"whaling (like phishing, but bigger)"
What is the cut off where whaling starts and phishing ends?
Evaldas Rimasauskas, a 48-year-old Lithuanian man, has been charged with defrauding two major US-based internet companies for more than $100m through whaling attacks. Rimasauskas, from Vilnius, was arrested late last week by Lithuanian authorities on the basis of a provisional arrest warrant, according to the US Department of …
Admittedly, not on the same scale or finesse, nowhere near, but this one ran for 6 or 7 years :
Apparently, an example of the scam was that upto 50 pupils (their parents) paid £15 for a "day trip" , the secretary kept the cash and school funds paid out the coach firm. And nobody noticed, nor asked questions about the payments, relatively large at a smallish school.
* In respect of a largish firm, a commercial organisation, besides the financial employees one would also have to ask questions about the Auditors. Yet again.
Note that's £35K over 7 years
What you have here is the classic "single person of trust" in a small firm story.
"We've never had a problem, we trust him/her implicitly."
Proper accounting systems don't need trust.
They need separation of authority from request generation and regular oversight. Good systems cannot be gamed without significant collusion, not just one person inside the company.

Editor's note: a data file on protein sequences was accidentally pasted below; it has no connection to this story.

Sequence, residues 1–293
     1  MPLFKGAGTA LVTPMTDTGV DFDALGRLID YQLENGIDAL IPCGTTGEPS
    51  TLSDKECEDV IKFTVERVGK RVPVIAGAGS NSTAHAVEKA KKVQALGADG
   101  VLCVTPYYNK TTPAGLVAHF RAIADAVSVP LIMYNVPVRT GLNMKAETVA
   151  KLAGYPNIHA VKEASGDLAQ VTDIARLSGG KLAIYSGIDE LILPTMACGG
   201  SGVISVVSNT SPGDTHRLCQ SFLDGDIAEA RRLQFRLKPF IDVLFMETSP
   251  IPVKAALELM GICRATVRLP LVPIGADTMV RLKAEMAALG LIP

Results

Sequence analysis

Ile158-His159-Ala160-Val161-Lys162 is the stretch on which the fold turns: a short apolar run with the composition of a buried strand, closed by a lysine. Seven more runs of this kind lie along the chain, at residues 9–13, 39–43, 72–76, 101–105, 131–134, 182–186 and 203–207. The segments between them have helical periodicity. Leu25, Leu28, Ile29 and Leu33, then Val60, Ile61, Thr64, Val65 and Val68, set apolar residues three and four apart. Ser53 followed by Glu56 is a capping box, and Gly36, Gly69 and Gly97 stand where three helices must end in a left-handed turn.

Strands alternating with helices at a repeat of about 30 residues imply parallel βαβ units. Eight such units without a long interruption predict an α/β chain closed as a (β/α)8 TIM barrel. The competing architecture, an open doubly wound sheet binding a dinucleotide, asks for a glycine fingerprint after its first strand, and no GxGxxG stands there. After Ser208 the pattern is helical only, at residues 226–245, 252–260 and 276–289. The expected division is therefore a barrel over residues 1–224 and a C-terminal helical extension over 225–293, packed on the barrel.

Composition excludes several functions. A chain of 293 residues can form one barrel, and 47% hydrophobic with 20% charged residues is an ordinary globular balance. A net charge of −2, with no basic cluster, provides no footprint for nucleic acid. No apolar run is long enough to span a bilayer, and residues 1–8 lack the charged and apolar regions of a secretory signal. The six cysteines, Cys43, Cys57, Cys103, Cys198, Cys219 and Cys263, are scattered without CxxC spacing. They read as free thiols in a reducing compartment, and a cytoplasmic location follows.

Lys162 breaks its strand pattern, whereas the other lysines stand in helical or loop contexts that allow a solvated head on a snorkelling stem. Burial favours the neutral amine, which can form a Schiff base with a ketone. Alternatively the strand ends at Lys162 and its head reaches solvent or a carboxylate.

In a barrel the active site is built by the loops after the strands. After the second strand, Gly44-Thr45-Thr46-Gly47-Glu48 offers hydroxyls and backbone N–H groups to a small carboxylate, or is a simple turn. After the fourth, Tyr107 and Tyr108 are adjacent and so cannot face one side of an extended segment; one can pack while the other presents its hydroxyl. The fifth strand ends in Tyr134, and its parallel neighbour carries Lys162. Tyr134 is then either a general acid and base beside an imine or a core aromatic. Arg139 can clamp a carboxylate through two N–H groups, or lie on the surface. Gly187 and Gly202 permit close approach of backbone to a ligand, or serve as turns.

Actually, my favourite was the one last week about the lifeboat charity treasurer who ebay'd the charity's equipment, including their lifeboat...
I mean, how did they not notice? How far out in the towering waves were they before they realised there wasn't actually a boat under them?
Way down the financial sign off food chain, some lowly clerk who was only allowed to deal with "small sums" would likely be fired if they got fooled by a fraud of a few grand.
But when someone at the top screws up and loses stupid amounts of cash to fraud, all too often there is no penalty for them to pay.
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